How to make the values that guide your work something your team can live out loud every day.

A compass' arrows point north, south, east, and west. The direction north is replaced with the word values, indicating that values guide our work.

-by Timothy (Tim) Grivois-Shah, Ed.D.

Teams are more productive when everyone knows exactly what they are supposed to be doing and why their work is important. A key aspect of institutional wellness is begins with developing a common language for the values that guide our work. From there, the next step is to ensure that everyone—without exception—is mindful of how the organization lives these values out loud.

One tool that often helps schools, nonprofits, and government agencies to organize their work around their values is the Outcomes and Key Results framework, written about by John Doerr. First, you clarify outcomes that represent specific, significant achievements you and your team would like to achieve. Then, for each outcome, you identify what key results would indicate progress towards your outcome.

Outcome: A specific, significant achievement you’d like your team to achieve.

Key Result: How your team measures and demonstrates progress toward your outcome. 

For example, Compass High School is an alternative high school in Tucson, Arizona that values comprehensive education. For them, this means that students leave high school equipped for whatever they decide to do after graduation. This might be pursuing a degree in computer science, military service, a welding apprenticeship, or a career in culinary arts. At Compass, making comprehensive education something that they live out loud means increasing opportunities students have to learn marketable skills that can serve them after graduation.

This is how the leadership team at Compass High School is using the Outcomes & Key Results format to organize this part of the work:

Outcome: Increase opportunities for students to participate in post-graduation preparation programs.

Key Result 1: Add five new post-graduation preparation programs by May 2021.

Key Result 2: Increase participation in post-graduation preparation programs from 10% to 50% by May 2021.

Key Result 3: All staff and students have access the information they need to select, enroll, and participate in post-graduation preparation programs:

  • Calendar for all key enrollment dates. (Y/N)
  • Program guide explaining what each post-graduation program is about. (Y/N)
  • Training scheduled for staff and students to ensure that everyone knows what opportunities are available. (Y/N)

Notice how the outcome clearly states what the team wants: more opportunities than currently exist for students to participate in post-graduation preparation programs. By having a clear outcome, the team was able to develop key results that, when achieved, would guarantee that students had more opportunities to learn skills that would serve them post-graduation. And, by having measurable key results with clear timelines for completion, the team can communicate clearly with the rest of the school community what needs to happen, by when, and why the work is important.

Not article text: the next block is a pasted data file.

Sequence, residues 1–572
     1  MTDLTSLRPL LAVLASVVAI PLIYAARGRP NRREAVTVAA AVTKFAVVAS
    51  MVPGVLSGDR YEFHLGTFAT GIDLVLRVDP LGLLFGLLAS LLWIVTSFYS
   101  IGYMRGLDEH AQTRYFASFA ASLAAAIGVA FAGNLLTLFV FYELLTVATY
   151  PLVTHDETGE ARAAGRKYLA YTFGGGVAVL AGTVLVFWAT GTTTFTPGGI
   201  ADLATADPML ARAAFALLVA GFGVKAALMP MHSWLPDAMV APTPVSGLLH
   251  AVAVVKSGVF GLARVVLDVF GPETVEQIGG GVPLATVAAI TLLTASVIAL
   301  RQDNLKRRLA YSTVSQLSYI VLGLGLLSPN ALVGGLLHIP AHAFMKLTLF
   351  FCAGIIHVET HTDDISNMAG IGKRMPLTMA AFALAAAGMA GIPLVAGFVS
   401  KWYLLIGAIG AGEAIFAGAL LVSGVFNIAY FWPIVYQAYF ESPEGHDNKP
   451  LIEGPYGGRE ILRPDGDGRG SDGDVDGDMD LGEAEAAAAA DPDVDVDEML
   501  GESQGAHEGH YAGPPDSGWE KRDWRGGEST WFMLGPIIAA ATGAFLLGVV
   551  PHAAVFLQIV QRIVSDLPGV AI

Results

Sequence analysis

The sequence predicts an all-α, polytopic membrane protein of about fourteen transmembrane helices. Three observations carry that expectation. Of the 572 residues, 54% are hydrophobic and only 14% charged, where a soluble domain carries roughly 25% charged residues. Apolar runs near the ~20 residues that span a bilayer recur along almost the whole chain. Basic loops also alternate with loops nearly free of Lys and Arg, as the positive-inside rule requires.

While having outcomes and key results alone is only a preliminary step towards success, I’ve noticed that when the Compass High School leadership team meets, the dialogue is focused on what needs to happen to increase opportunities for their students. Their bias is towards action, and knowing exactly what they have agreed to do and how they will measure their progress has focused their work time on what matters most.

Typically, leaders use Outcomes & Key Results (OKRs) as an action planning tool. Often, they discover that the process of developing OKRs not only supports strategic planning and collaboration among teams, but also elevates the culture and climate of the organization. For example, having clearly defined Outcomes & Key Results might enhance the clarity of communication between leadership and staff. Often, teams notice that writing down OKRs about student achievement or client services leads to important conversations as a staff about what new skills or changes in practice might be required. 

Finally, while OKRs won’t work unless they’re written down, the process of documenting OKRs can be a powerful opportunity for collaboration and learning. In my experience, the process of writing OKRs is a critical opportunity for leaders to expand the breadth and depth of what their organization can offer those they serve. Use the template above, create your own, or read more about OKRs here.

Reflection and Application

1) Outcomes & Key Results are often used as a tool to support organizations. As you think about the OKR framework, how might writing OKRs support you as an individual?

2) Imagine your organization as though it were one person. Take a look at your Eight Dimensions of Wellness cards. How might your organizing benefit from developing four or five well-crafted OKRs that connect to one or more of the Eight Dimensions of Wellness? How might your organization be healthier and happier as a result?

3) Do it now: Think of something you’d like to achieve and write it down in the middle of a blank piece of paper. That’s your outcome. Now think about what you would have to achieve to achieve your outcome. These are your key results. What happened for you as you wrote down a goal and breaking it down into smaller parts?

You can get started with just the information in this blog. If you’d like to go deeper, check out the Services page and schedule a free meeting.

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